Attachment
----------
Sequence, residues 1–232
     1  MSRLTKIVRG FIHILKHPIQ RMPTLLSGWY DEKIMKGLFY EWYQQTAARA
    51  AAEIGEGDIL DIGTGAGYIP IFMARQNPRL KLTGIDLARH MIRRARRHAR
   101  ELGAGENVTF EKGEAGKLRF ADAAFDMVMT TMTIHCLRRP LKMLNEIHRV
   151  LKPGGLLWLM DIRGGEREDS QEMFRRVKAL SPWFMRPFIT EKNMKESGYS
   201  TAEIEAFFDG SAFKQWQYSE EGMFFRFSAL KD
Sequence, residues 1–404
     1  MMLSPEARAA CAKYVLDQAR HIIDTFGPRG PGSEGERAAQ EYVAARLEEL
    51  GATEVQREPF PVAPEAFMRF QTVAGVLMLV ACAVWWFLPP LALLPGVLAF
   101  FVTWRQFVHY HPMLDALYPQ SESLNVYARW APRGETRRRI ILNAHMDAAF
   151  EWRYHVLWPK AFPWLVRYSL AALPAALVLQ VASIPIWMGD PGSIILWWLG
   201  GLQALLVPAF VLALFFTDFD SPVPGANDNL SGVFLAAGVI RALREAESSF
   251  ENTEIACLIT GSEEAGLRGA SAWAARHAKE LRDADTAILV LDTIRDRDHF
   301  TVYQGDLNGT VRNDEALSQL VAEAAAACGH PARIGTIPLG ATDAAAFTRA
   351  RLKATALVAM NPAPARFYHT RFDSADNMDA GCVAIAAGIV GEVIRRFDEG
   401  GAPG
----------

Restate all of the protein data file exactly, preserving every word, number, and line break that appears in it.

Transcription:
Sequence, residues 1–232
     1  MSRLTKIVRG FIHILKHPIQ RMPTLLSGWY DEKIMKGLFY EWYQQTAARA
    51  AAEIGEGDIL DIGTGAGYIP IFMARQNPRL KLTGIDLARH MIRRARRHAR
   101  ELGAGENVTF EKGEAGKLRF ADAAFDMVMT TMTIHCLRRP LKMLNEIHRV
   151  LKPGGLLWLM DIRGGEREDS QEMFRRVKAL SPWFMRPFIT EKNMKESGYS
   201  TAEIEAFFDG SAFKQWQYSE EGMFFRFSAL KD
Sequence, residues 1–404
     1  MMLSPEARAA CAKYVLDQAR HIIDTFGPRG PGSEGERAAQ EYVAARLEEL
    51  GATEVQREPF PVAPEAFMRF QTVAGVLMLV ACAVWWFLPP LALLPGVLAF
   101  FVTWRQFVHY HPMLDALYPQ SESLNVYARW APRGETRRRI ILNAHMDAAF
   151  EWRYHVLWPK AFPWLVRYSL AALPAALVLQ VASIPIWMGD PGSIILWWLG
   201  GLQALLVPAF VLALFFTDFD SPVPGANDNL SGVFLAAGVI RALREAESSF
   251  ENTEIACLIT GSEEAGLRGA SAWAARHAKE LRDADTAILV LDTIRDRDHF
   301  TVYQGDLNGT VRNDEALSQL VAEAAAACGH PARIGTIPLG ATDAAAFTRA
   351  RLKATALVAM NPAPARFYHT RFDSADNMDA GCVAIAAGIV GEVIRRFDEG
   401  GAPG